Hundreds of Israelis blocked roads at simultaneous demonstrations calling for Prime Minister Benjamin Netanyahu’s resignation in Tel Aviv and Haifa on Thursday night.
The protest in Tel Aviv began in the city’s Rabin Square before spilling over onto the adjacent Ibn Gabirol Street. Demonstrators then marched to the Kiryat Hamemshala government complex on Menachem Begin Road, blocking traffic in both directions in the process.
The demonstrators had not received a permit to block the roads, but police decided to allow the peaceful procession to take place. Outside the Tel Aviv government complex, protesters also tried to block the Azrieli junction, but police prevented them from doing so.
In Haifa, the demonstration commenced at the Merkaz Hacarmel neighborhood, where protesters marched down Moriah Boulevard toward the nearby Karmeliya neighborhood, blocking traffic in both directions in the process.
יותר מאלף צועדים בתוך שבילי מתחם שרונה. יתכן וזה הכי הרבה אנשים שהיו כאן ברגע נתון אי פעם pic.twitter.com/r64GgolgAB
— Bar Peleg (@bar_peleg) August 27, 2020
Large traffic buildups were reported in both cities, with police advising drivers to find alternative routes rather than intersect with the demonstrators’ path.
Netanyahu’s Likud party blamed the state prosecutor’s office for the traffic blockages, after it issued new directives, saying protesters should only be placed on trial for disturbances during rallies in exceptional cases.
“The illegal demonstrations and blockages of roads that disrupt public order are a direct result of the outrageous decision of the state prosecutor to not take action against violators of the law,” Likud said in a statement. “When it comes to the anarchic left-wing protests against the prime minister, everything is allowed.”
The “Black Flags” protesters leading the Thursday night protests issued a statement in which they claimed “an entire generation is collapsing under the plague of corruption of the defendant Netanyahu, who instead of running the economy is busy with tax benefits for himself and his family. The State of Israel needs new leadership.”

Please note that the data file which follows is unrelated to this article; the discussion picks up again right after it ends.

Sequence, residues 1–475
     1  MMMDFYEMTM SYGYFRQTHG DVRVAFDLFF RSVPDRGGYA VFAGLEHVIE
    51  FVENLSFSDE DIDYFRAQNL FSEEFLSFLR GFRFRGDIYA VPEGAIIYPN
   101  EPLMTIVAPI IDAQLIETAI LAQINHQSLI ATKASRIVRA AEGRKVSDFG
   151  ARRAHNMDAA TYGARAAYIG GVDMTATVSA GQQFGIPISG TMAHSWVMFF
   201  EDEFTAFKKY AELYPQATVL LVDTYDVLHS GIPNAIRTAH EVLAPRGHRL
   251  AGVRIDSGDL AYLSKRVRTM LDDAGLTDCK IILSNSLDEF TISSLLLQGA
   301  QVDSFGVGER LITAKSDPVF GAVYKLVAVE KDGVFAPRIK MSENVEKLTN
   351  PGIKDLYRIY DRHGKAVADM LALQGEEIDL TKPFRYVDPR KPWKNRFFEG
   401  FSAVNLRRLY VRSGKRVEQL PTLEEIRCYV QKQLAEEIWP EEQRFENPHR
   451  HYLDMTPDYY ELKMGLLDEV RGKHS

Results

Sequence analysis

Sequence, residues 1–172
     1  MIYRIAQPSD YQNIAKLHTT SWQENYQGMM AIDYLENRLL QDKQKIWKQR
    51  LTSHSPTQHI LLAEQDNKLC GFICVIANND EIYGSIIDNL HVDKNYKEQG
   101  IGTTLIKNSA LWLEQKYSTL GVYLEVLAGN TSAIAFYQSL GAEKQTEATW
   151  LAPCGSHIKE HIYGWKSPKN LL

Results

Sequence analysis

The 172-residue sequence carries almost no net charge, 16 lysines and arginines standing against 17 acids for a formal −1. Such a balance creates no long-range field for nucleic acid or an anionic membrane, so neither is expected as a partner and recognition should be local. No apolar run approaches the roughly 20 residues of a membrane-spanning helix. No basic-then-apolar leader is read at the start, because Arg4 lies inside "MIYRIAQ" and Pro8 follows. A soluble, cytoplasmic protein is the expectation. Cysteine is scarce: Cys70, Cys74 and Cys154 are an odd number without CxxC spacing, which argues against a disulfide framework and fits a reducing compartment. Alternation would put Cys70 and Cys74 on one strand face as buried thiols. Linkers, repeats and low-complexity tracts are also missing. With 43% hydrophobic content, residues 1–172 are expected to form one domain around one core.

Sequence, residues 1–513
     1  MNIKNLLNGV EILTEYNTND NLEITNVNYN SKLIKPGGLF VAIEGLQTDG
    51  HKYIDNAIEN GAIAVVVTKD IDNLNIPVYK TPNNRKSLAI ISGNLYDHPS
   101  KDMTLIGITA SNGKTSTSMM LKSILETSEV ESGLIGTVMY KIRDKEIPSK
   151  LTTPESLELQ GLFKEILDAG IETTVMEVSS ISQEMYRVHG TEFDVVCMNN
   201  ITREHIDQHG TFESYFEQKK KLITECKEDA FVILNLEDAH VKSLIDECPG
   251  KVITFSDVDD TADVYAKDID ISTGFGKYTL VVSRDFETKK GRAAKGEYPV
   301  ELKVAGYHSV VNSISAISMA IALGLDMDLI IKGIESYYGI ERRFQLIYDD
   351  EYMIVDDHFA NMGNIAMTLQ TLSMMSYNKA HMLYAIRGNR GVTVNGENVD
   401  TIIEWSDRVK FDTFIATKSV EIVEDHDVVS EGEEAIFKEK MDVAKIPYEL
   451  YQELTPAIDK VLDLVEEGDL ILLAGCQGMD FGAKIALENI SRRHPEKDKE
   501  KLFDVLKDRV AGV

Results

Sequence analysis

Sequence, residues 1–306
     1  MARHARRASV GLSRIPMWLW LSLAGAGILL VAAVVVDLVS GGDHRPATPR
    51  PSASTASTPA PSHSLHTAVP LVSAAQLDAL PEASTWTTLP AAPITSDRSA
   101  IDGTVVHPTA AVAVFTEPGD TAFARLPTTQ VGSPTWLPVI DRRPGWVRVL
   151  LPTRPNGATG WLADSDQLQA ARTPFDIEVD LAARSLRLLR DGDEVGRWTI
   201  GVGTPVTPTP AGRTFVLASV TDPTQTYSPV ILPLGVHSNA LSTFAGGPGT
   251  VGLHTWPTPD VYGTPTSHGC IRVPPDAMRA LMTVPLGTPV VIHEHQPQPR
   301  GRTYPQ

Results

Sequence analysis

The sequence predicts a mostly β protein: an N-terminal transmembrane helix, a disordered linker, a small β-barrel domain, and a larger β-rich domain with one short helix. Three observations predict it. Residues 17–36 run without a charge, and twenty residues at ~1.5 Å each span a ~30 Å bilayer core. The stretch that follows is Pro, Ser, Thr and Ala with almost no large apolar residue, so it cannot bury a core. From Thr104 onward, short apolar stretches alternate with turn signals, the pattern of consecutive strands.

Toward the end the rally, organizers in Tel Aviv applauded police for allowing the marches in both cities to take place. There weren’t any reports of police brutality, in contrast to recent protests.
Police were also preparing for a far larger protest outside the prime minister’s official residence in Jerusalem on Saturday night, for the 11th consecutive week.
Despite Supreme Court petitions against Jerusalem Chief Superintendent Niso Guetta who was filmed last week shoving and smacking a protester at last week’s anti-Netanyahu rally, Shlomi Bachar, head of operations for the Jerusalem police, told reporters Thursday that Guetta would be dispatched to Saturday’s demonstration as well.
Pictures captured by a wire service photographer showed Guetta kneeling on a supine protester and pushing his head to the ground with his elbow outside Netanyahu’s official residence, on Jerusalem’s Balfour Street.
Guetta claims he was assaulted by the demonstrators and that he did not use excessive force. The Justice Ministry’s Police Internal Investigations Department has been probing the matter.
Earlier Thursday, the anti-Netanyahu Crime Minister grassroots group filed a petition to the Supreme Court demanding it implore police to explain why Guetta hadn’t been suspended for his conduct while he’s still under investigation.
Protesters have been holding regular rallies for several months outside the Prime Minister’s Residence in Jerusalem, as well as in Tel Aviv and other areas, calling on the premier to resign due to his indictment on corruption charges.
The protests on Saturday nights tend to be the largest and have been the scene of clashes between protesters and law enforcement.
They have been joined by people protesting the government’s economic policies during the coronavirus pandemic, with crowds in the thousands and rising.